Underage Drinking, Parties and Alcohol: FAQs
My friend is over 21 and she lets her younger sister use her drivers license to get into bars. Can my friend get in trouble for this?
Yes. It is illegal for a person to knowingly permit someone else to use their drivers license or I.D. and display or represent it as their own, especially if it is used to falsely show, portray or represent the younger person's date of birth or age. If a person is convicted of such a violation, his/her operators license may be revoked for up to six months. It is unlawful for anyone under the age of 21 to purchase or attempt to purchase alcoholic beverages. It is also unlawful for them to consume alcohol, be under the influence of alcohol or be in possession of alcoholic beverages. Furnishing money to any person for such a purchase or entering any licensed premises where alcoholic beverages are sold or displayed is also illegal.
I want to have a keg party at my home. The alcohol would be free, but I want to charge a minimal fee for the cup. Can I do this without getting a license?
No person is allowed to sell alcoholic beverages without obtaining a license that must be posted in a conspicuous place on the licensed premise. The important factor to examine is what sale means. Sale: All methods of furnishing alcoholic beverages, whether you get money for the beverages and whether you sell, dispense, exchange or barter for them. This includes all situations, whether they involve cash, credit, donations, or the purchase of a ticket, token, or other object redeemable for alcoholic beverages. In this case, without having a license, the fee for the cup in exchange for free alcohol is not legal.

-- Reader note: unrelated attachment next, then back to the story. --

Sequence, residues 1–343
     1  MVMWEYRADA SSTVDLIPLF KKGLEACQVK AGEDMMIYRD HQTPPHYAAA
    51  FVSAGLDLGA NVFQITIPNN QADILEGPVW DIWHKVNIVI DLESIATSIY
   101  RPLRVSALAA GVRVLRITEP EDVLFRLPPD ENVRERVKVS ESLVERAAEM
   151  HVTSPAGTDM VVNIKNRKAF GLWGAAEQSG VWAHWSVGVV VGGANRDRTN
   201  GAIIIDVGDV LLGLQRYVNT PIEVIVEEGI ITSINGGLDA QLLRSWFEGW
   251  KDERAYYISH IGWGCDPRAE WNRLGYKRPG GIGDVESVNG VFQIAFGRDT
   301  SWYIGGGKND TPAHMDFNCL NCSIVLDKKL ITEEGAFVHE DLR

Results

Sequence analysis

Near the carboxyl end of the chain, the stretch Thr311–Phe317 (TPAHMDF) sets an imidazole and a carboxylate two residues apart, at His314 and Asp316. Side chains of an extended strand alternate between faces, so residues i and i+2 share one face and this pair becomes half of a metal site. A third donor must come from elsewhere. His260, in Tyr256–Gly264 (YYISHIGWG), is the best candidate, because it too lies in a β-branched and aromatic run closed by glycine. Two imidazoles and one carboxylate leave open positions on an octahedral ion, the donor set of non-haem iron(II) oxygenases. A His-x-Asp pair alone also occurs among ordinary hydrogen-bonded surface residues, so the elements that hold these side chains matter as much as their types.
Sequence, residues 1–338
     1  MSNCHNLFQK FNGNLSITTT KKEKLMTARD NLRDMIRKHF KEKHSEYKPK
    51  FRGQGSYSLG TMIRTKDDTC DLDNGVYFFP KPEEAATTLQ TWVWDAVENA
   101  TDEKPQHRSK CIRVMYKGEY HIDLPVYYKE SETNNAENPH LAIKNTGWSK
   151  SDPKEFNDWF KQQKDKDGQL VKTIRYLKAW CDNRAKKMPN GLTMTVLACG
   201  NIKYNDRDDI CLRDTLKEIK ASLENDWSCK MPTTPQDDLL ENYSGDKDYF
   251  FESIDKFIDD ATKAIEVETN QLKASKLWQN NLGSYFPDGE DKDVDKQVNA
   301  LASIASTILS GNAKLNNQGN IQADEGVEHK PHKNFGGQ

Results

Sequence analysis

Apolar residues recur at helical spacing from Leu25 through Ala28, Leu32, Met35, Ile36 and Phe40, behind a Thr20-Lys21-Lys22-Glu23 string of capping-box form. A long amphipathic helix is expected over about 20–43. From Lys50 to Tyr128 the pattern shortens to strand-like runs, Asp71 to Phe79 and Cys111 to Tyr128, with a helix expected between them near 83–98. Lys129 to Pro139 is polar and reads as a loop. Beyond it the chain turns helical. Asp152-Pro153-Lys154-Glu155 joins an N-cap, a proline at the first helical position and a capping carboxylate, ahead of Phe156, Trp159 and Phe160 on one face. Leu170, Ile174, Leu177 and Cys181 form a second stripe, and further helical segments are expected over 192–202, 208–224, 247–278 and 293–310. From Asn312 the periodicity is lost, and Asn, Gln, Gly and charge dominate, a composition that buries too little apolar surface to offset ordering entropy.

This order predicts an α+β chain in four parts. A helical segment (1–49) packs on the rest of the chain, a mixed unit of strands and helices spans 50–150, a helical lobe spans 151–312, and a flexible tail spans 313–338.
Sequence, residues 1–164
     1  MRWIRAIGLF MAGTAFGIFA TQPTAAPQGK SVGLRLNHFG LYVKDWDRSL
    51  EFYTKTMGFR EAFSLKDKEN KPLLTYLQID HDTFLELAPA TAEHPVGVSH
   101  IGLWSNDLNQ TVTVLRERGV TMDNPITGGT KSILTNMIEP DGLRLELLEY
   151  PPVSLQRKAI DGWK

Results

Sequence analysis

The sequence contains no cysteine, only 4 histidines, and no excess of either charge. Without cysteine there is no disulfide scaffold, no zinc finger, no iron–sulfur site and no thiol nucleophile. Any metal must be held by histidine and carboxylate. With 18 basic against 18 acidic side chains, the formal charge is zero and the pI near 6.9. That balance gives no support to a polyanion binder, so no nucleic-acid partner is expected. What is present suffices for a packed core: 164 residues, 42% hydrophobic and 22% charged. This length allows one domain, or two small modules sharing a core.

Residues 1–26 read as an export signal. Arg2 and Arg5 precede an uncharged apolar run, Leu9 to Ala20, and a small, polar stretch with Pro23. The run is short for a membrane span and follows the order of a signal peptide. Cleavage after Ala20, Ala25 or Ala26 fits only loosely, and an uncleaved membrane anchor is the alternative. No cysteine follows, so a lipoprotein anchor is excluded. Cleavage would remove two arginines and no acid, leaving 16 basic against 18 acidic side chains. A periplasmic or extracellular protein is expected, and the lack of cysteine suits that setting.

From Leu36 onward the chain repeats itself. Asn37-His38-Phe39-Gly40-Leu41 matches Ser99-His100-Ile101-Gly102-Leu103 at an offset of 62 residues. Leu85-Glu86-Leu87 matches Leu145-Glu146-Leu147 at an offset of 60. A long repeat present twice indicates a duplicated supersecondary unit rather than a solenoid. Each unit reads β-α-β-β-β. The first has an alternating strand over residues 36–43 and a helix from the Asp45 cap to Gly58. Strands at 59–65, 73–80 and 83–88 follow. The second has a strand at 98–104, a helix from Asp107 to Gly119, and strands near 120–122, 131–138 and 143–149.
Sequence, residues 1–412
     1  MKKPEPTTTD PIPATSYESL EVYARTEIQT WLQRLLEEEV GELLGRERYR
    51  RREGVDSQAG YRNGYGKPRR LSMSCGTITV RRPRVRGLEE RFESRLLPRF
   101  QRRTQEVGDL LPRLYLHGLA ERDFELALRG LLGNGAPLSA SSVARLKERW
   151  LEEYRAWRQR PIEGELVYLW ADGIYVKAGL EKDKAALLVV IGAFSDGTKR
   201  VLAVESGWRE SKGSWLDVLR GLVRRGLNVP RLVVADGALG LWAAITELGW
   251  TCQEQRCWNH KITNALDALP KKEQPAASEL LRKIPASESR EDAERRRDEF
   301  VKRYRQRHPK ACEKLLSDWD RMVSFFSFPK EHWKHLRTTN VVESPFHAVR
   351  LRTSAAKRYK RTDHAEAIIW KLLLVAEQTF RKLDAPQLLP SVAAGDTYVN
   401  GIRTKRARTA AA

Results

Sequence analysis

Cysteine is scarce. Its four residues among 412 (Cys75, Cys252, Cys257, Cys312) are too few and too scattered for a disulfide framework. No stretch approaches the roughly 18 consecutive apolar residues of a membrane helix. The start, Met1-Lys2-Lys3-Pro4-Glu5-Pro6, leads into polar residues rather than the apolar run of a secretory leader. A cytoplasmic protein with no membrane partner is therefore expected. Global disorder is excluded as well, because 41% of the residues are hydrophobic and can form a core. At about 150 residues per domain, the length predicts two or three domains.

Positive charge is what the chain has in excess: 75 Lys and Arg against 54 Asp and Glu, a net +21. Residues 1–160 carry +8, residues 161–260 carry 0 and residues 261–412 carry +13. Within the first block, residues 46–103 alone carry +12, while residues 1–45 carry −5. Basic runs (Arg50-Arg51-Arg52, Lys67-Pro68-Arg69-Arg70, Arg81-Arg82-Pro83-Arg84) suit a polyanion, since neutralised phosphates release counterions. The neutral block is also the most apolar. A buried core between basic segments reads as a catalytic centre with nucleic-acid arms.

When can I have a party without worrying about being busted for a noise complaint?
It depends. There is a general time frame that does not allow for parties and large gatherings that create unreasonable noise in residentially zoned areas or buildings. This time period is from 10 p.m. to 6 a.m. In many instances, the police will get a call from neighborhood residents who are disturbed by the noise or parking problems created by the party. Anytime these complaints are made (even prior to 10 p.m), if the noise is clearly audible at a distance of 50 feet or more, it is a violation of city ordinance. In apartment buildings, this distance includes hallways and other apartments. When complaints are made and verified by police, everyone at the party, except for the owner or tenant, may be ordered to leave immediately. Police may issue a citation to those creating the loud noise.